To return to the point, I suspect that the most frustrating thing Coriolanus sees in Katniss is someone who is able (largely) to preserve her own essential goodness (her pure nature), whereas he lacks the wherewithal to do so. He is too fond of praise and of his own comfort (and appearance) to achieve the potential Collins suggests in the young man who, just at the point of entering university, flirts with the notion of challenging everything the Capital represents. It’s tough being the hero, and Coriolanus eventually resigns from the attempt. His awareness of his own failure leads him to betray Sejanus and apparently to devote his talents to creating methods of torturing future tributes and their loved ones (by figuring out ways to force them to watch). This is not “if you can’t beat ’em, join ’em.” It’s “if you can’t beat ’em, kill ’em.”

  9. Tyler Brown says

    Gaul’s name probably alludes to Ps. 69:21, which features prominently in the Gospel crucifixion narratives: “They also gave me gall for my food, and for my thirst they gave me vinegar to drink.” Gall is synonymous with poison in this context.

    It was wonderful to witness the origins of the lyrics to “The Hanging Tree” and fitting for the fateful decision of Snow’s life to involve an offer to “come to the tree.”

  10. Elizabeth says

    I can’t wait to hear Lana’s further thoughts on the terrifying Dr. Gaul, whose name does have a wagonload of historical resonances, as well as the fantastic scriptural connection Tyler mentions, and the much more pedestrian connotations of “gall.”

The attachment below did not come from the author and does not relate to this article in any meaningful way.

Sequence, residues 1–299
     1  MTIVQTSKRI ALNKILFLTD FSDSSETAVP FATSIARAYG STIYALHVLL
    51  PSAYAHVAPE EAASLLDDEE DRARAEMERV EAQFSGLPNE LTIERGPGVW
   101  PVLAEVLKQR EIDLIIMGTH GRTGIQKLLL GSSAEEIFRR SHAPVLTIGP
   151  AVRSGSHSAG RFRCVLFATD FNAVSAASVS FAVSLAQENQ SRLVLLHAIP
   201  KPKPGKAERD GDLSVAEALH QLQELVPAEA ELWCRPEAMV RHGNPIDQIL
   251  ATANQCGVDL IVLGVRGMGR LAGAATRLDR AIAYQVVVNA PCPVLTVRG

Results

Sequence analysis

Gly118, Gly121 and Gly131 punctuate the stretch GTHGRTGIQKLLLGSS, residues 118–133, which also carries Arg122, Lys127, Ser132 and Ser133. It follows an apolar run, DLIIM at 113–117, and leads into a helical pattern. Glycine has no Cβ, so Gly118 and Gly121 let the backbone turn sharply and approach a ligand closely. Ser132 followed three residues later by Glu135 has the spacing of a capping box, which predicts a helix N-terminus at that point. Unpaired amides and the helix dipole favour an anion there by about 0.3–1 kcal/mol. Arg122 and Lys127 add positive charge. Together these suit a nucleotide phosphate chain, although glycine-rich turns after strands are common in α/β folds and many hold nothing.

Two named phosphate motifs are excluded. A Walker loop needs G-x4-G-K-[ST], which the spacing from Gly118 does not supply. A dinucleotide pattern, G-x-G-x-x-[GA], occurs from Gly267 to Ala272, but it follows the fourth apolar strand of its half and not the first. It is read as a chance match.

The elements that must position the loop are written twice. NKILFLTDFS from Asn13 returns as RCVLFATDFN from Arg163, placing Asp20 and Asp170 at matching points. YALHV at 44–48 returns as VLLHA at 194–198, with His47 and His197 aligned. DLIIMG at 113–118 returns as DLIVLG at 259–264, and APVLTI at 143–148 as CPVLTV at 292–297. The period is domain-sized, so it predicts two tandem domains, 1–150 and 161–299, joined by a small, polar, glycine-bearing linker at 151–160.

I must confess, my first thought upon reading her name was one that took me back to Latin class. My precious high school Latin teacher left this world this week after a long illness, but I know if I could tell her my thought, it would make her smile. My mother had also taken Latin, but always claimed she could only remember one sentence. Though I still remember quite a bit of Latin, thanks to the incomparable Mrs. Bayer, that one sentence of my mother’s has lodged in my memory as well. It’s from Caesar’s commentaries on the Gallic War: “Gallia est omnis divisa in partes tres.” If you didn’t have the privilege of being taught by someone of Mrs. Bayer’s caliber, and don’t know the translation, it is this: “All Gaul is divided into three parts.”
    Three. Of course. Well played, again, Gamemaker Collins.

  11. Kelly Loomis says

    Elizabeth and Louise, in the last week, I read all four books in the order you recommended. And, as you said, the reference to Star Wars was so apt. The prequel would not have been as meaningful had I read it first.

    I feel there needs to be another book or two to fill in the story between Snow as “son” (Plinth) and “trainee” (Gaul) to Snow the President. Plus, I believe we need information of how Katniss may be related to the Covey. Her father showed her the lake and cabin which nobody else seemed to know about. He also caused people to stop in their tracks when he sang – enough to attract the attention of a town girl. He had sung her the hanging tree song which she knew enough to sing after his death much to the consternation of her mother. Could Lucy Gray have survived and been her grandmother? We are left with the nod to her ballad and that you don’t really know where she is and if she was alive. Could some of the ways Katniss reminded Snow of Lucy Gray have been more than coincidence? I think Lucy Gray, Katniss and Tigris all had a similar purity of heart that Snow never had. I would assume the feelings Tigris eventually had towards Coriolanus sprang from this. Therefore I would like to see the development or rather the decline of their relationship spelled out in a future book. I could see (or rather wish for) two more books coming in the future.

    This was a very good series and I have to admit that The Ballad was my favorite of the four much like Revenge of the Sith was one of my favorite Star Wars movies.